Canadian schools try to lure foreign students— and dollars
SHARON DOYLE DRIEDGERNovember251996
SHARON DOYLE DRIEDGER
Canadian schools try to lure foreign students— and dollars
The moment captured the proud traditions of a 169-year-old university. Simon Low-Nang, wearing his faculty’s traditional orange-lined hood and gown, joined more than 75 fellow graduates of the University of Toronto in a formal procession to centre stage. There, university officials shook LowNang’s hand and presented him with a hard-earned master’s degree in business administration. A typical graduation at one of Canada’s most venerable institutions? Well, not quite. For the first time in its history, in late November the University of Toronto was holding a graduation ceremony outside Canada—halfway around the world, in the ballroom of the posh Regal Hotel in Hong Kong. “It’s a lot better to have it here,” says Low-Nang who returned to Hong Kong to start a new job as soon as classes ended in August.
“All the Chinese students would have missed convocation.” The ceremony—sponsored by a wealthy local alumnus—was a pilot project for the university’s Hong Kong students, its largest international contingent. “If it works, we will do it in other regions of the world where numbers warrant,” says Barbara Dick, assistant director of alumni affairs. “It’s an effort to reach out to our international students.”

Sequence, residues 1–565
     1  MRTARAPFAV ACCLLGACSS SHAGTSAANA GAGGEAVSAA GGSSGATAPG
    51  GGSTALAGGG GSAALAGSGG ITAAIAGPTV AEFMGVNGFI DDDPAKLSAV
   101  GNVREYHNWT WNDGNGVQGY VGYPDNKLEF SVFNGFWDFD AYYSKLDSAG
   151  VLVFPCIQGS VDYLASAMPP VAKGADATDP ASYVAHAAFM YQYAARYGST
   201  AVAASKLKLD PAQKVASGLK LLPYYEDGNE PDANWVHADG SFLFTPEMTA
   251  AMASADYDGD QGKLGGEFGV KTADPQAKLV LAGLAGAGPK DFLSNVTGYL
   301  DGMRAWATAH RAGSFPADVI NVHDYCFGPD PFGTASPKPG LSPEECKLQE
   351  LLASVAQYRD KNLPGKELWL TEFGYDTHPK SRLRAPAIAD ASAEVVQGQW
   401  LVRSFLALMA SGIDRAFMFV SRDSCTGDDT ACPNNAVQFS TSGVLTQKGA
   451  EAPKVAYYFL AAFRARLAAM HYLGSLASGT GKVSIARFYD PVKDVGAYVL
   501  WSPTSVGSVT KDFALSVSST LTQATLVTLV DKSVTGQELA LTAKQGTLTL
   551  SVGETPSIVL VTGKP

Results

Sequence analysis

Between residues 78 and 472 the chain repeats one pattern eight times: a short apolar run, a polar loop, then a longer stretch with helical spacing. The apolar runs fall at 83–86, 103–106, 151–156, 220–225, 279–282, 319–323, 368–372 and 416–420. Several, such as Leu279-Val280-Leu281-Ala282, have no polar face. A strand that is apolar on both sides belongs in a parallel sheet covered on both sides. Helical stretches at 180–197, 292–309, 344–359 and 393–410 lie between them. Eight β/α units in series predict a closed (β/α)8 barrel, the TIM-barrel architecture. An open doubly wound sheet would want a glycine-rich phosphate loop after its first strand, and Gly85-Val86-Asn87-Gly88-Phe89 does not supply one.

Toronto is not the only Canadian university refitting its venerable traditions to accommodate the special needs of students from abroad, most of whom pay tuition fees several times higher than those of domestic students. In what is becoming a highly compet-
itive international drive to boost enrolments of foreign students— especially those from wealthy nations in the Pacific Rim—many institutions have decided to make it easier to get a made-inCanada degree. Across the country, administrators are sending full-time recruiters to Hong Kong, Korea, Malaysia and a host of other countries. And back on campus, they are setting up fax lines and e-mail addresses to make registration easier, providing supplementary English-as-a-second-language courses, and seminars and social activities at campus international centres. “They were a real help from the moment I was accepted,” says Gacheru Maina, 24, who came from Nairobi to study politics and economics at the University of Manitoba. “They met me at the airport, arranged for a host family to help me adapt and had a buddy program.”
But despite such efforts, many argue that there is room for improvement. “It’s a competitive world out there and Canada is coming a bit late to this game,” says Donald Wehrung, co-ordinator of the University of British Columbia’s international student recruitment initiative. In fact, UBC is aggressively working to increase the number of international students at the undergraduate level—there are now 650—from 2.6 per cent to 15 per cent over the next decade. As part of that drive, administrators have begun to offer strong monetary incentives to faculties that might otherwise be reluctant to increase international numbers: deans of both undergraduate and professional faculties can now keep up to 70 per cent of foreign tuition fees for use within their own departments. It is a move that has some campus observers concerned. Says political science professor Philip Resnick: “The reality is that we are going after rich foreign